Parents, mentors, curiosity inspire passion for science
For Black History Month, we asked NSF Graduate Research fellows “Why a career in science?” Here are more of their answers.
“I study new technologies for making fertilizers and disinfectants from human urine. Why? Because making value out of urine can avoid water pollution and increase access to toilets. I use electrochemistry and ion exchange to capture nitrogen in useful forms. Science has always been exciting to me because of the model of asking and figuring out how to answer questions. I am thankful for lots of mentors and opportunities that pointed me to where I am today: combining my love for problem solving with improving the health of overlooked people and our environment.”
William A. Tarpeh, Ph.D. student, Department of Environmental Engineering, University of California, Berkeley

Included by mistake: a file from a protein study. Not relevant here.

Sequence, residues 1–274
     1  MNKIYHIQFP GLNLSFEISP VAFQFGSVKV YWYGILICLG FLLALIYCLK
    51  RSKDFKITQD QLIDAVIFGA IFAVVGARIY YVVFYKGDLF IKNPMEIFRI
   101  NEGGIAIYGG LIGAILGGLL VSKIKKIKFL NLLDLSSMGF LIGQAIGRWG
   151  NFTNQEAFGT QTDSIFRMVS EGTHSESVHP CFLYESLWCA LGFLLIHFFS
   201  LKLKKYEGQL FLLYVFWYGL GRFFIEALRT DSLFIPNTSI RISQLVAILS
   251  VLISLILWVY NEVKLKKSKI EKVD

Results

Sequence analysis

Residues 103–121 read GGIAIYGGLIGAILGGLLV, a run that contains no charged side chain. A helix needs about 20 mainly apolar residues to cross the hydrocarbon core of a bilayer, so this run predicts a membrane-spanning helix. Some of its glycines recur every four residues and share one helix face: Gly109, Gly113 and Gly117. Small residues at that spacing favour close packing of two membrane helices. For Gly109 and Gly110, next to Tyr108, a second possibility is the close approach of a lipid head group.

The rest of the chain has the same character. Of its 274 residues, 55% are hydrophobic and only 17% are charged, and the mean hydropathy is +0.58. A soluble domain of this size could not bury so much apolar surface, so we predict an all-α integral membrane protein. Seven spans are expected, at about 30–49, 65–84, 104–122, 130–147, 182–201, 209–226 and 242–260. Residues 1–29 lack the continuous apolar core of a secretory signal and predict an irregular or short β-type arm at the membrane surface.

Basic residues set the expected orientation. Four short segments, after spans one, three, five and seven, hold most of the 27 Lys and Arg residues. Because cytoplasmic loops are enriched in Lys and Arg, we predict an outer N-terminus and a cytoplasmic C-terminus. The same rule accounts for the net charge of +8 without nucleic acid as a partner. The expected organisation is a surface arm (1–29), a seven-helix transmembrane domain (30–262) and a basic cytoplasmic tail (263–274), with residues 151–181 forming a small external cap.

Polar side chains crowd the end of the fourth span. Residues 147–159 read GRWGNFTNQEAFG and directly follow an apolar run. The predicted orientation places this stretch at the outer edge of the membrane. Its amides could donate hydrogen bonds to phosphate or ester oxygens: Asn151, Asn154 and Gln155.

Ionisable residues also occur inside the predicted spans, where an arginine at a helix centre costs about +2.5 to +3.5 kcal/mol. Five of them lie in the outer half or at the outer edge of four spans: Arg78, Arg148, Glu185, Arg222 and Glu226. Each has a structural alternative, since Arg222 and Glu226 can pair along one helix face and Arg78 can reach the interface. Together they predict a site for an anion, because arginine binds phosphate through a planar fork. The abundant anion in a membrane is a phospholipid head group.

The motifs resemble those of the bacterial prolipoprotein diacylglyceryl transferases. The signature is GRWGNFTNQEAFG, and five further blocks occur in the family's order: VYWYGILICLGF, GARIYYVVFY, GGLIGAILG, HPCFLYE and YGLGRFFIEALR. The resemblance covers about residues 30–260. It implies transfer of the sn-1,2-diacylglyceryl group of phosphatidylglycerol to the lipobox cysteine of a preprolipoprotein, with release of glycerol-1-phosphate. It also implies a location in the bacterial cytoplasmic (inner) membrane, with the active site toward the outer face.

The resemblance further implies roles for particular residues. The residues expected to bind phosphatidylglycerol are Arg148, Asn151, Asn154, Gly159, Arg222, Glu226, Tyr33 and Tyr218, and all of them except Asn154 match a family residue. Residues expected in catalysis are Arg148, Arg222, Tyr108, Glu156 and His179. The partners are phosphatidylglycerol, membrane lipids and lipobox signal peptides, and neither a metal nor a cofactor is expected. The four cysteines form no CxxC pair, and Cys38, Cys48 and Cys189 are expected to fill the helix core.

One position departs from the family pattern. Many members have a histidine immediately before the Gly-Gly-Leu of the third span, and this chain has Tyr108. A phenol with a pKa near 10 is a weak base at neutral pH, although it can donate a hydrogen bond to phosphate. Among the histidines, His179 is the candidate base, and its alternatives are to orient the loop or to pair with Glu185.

“Early in my scientific career, the NSF’s Research Experience for Undergraduates (REU) supported my research project at University of California San Francisco (UCSF) identifying pharmacological regulators of cilia length. This experience inspired me to join the Physiology program at Yale, which allows me to pursue similar interests and apply my basic science training to a medically relevant disease.”
– Lindsey Stavola, Ph.D. candidate, Yale School of Medicine
These are the US Army Rangers that walked for 46 hours, ran out of water then continued to hydrate with IVs to execute the Operation Red Wings extract of Marcus Luttrell. Without these men there would not have been a Lone Survivor book to be read or movie.